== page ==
# Why are my p-value and test statistic values wrong?

• MHB
• yelenaaa13
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## 1. Why is my p-value not significant?

There could be several reasons for a non-significant p-value. It could be due to a small sample size, low effect size, or high variability in the data. It is also possible that the null hypothesis is true and there is no significant difference between the groups being compared.

## 2. Why is my test statistic value different from what I expected?

The test statistic value is calculated based on the data and the chosen statistical test. If the data is entered incorrectly or if a different test is used, the test statistic value will be different from what was expected. It is important to double-check the data and the chosen test to ensure accurate results.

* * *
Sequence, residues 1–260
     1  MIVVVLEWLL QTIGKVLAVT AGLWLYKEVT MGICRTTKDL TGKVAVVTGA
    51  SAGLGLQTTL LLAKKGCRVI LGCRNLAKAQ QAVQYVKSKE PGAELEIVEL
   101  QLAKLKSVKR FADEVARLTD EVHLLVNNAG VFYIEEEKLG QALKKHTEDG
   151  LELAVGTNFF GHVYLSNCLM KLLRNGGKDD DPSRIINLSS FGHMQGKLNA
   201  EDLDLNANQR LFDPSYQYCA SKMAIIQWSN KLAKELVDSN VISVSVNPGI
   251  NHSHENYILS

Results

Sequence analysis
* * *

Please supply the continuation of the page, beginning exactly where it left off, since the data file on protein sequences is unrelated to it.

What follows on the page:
## 3. Can a p-value be negative?

No, a p-value cannot be negative. It represents the probability of obtaining the observed results or more extreme results if the null hypothesis is true. Since probability cannot be negative, a p-value will always be between 0 and 1.

## 4. Why is my p-value different from someone else's?

P-values can vary depending on the sample size, effect size, and variability in the data. It is also possible that different statistical tests were used, resulting in different p-values. It is important to understand the context and methodology of the study to compare p-values accurately.

## 5. Can I rely solely on p-values to make a conclusion?

No, p-values should not be the only factor considered when making a conclusion. It is important to also consider the effect size, confidence interval, and other relevant factors in interpreting the results of a statistical test. Additionally, p-values only provide evidence against the null hypothesis and do not prove causation.

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